macOS High Sierra 10.13.4 Displays Warnings When Opening 32-Bit Apps as Part of Apple's Phase Out Plan

Starting with macOS High Sierra 10.13.4, Apple is commencing with its plan to begin phasing out 32-bit apps on Macs. Apple has promised that macOS High Sierra will be the "last macOS release to support 32-bit apps without compromises."

After installing macOS High Sierra 10.13.4, which is now available in a beta testing capacity, when you open up an app that's a 32-bit app, you'll get a warning about its future incompatibility with the macOS operating system.

macoshighsierra
This is the first of many warnings Apple plans to provide as it works to put an end to 32-bit Mac apps, and this initial warning will only be shown one time for each app.

Apple's efforts to phase out 32-bit apps on Macs mirror the path it took when ending 32-bit app support on iOS devices. In iOS 10, Apple provided increasingly more insistent warnings to let users know that their apps wouldn't work with future versions of iOS before phasing out 32-bit support entirely in iOS 11.

As of January 2018, all new apps submitted to the Mac App Store must be 64-bit, and all apps and app updates submitted must be 64-bit by June of 2018. The next version of macOS after High Sierra will include "aggressive" warnings about 32-bit apps before they are phased out entirely.

Once 32-bit apps are phased out on Macs, they won't be able to be used at all, so users will need to find replacements for older 32-bit apps that aren't likely to be updated to 64-bit.

Top Rated Comments

casperes1996 Avatar
49 months ago
The CPU has NO PROBLEM executing 32-bit code, and there isn't even a performance hit in doing so. There's no real solid reason to discontinue 32-bit support. This is going to keep people who requires certain older apps from upgrading to the latest version of MacOS, and expose them to security vulnerabilities for no good reason at all.
Running 32-bit code, means that you need to keep a 32-bit version of all the libraries and frameworks those apps may rely on. That's both storage, and more crucially RAM consuming. And there is in fact a performance hit to having 32-bit and 64-bit apps running on the same system, as opposed to if both were 64-bit. If they are both 64-bits they can share certain conditions giving the processor an ability to preemtptively execute that code more quickly.

32-bit support isn't free either. You need to test against your 32-bit libraries and if you update a 64-bit library for a security reason, you'll also need to update and test the corresponding 32-bit library. And it may behave differently.

Nvidia has stopped supporting 32-bit systems because the testing burden just got too big. A lot of Linux distros are killing 32-bit variants as well.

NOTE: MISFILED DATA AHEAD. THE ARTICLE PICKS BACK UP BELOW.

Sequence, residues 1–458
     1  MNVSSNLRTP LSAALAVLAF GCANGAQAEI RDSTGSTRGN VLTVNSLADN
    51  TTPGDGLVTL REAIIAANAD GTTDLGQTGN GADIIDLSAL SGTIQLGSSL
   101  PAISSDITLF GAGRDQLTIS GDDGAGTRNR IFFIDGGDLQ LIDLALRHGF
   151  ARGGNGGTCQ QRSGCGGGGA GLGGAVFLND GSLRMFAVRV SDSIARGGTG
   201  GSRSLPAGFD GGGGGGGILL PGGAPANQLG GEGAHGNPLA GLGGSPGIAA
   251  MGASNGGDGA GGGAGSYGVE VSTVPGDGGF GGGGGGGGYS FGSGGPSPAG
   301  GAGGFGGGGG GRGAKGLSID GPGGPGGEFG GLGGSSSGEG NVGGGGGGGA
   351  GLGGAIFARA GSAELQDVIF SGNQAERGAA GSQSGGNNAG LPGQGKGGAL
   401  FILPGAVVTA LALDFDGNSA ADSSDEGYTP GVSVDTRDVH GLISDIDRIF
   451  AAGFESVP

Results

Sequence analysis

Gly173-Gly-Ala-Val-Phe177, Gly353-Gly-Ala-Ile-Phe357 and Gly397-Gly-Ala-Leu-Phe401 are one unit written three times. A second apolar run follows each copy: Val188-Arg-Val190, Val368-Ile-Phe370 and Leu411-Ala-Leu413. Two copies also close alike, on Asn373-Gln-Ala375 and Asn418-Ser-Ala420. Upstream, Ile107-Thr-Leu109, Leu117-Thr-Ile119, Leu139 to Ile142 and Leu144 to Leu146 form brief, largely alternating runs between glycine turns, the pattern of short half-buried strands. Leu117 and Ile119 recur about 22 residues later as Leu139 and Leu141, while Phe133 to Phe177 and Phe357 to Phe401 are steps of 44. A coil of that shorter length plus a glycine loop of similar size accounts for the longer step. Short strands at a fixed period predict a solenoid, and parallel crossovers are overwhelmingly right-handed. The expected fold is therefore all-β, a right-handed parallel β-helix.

It's not worth the effort anymore.

Edited slightly to fix a typo and improve readability
Score: 47 Votes (Like | Disagree)
zorinlynx Avatar
49 months ago
I wonder why Apple has such a fetish for phasing out 32-bit code.

The CPU has NO PROBLEM executing 32-bit code, and there isn't even a performance hit in doing so. There's no real solid reason to discontinue 32-bit support. This is going to keep people who requires certain older apps from upgrading to the latest version of MacOS, and expose them to security vulnerabilities for no good reason at all.
Score: 39 Votes (Like | Disagree)
pgiguere1 Avatar
49 months ago
I wonder why Apple has such a fetish for phasing out 32-bit code.

The CPU has NO PROBLEM executing 32-bit code, and there isn't even a performance hit in doing so. There's no real solid reason to discontinue 32-bit support. This is going to keep people who requires certain older apps from upgrading to the latest version of MacOS, and expose them to security vulnerabilities for no good reason at all.
The performance hit comes from the OS having to keep both a 32-bit and 64-bit version of shared libraries in RAM.
Score: 14 Votes (Like | Disagree)
keysofanxiety Avatar
49 months ago
I wonder why Apple has such a fetish for phasing out 32-bit code.

The CPU has NO PROBLEM executing 32-bit code, and there isn't even a performance hit in doing so. There's no real solid reason to discontinue 32-bit support. This is going to keep people who requires certain older apps from upgrading to the latest version of MacOS, and expose them to security vulnerabilities for no good reason at all.
People said the same thing when they went from 16 bit to 32 bit. Honestly, they did. Stubbornness for change is just slowing down progress. Just look at the cluster that is Windows which still rocks Program Files x86 for legacy purposes.

Apple have always been happy to drop older standards. 32 bit is only the latest in a long list. They did this in iOS and they’ve already dropped 32 bit support/plug-ins years ago for their Pro Apps (LPX), so this shouldn’t come as much surprise.
Score: 9 Votes (Like | Disagree)
Guy Clark Avatar
49 months ago
Thankfully Apple has kept 32-bit support for longer on MacOS so fewer apps are affected, but I can still see users refusing to update to the next MacOS because their useful older software is going to break.
Just keep using Snow Leopard complete 32-bit support and Rosetta for PPC apps plus pre iOS infestation.
Score: 9 Votes (Like | Disagree)
arrowood Avatar
49 months ago


;-) Ok, ok, yeah. I get it. 32-bit overhead, memory, libraries, etc. But, but, I can't live without Adobe Fireworks ;-)
Score: 8 Votes (Like | Disagree)

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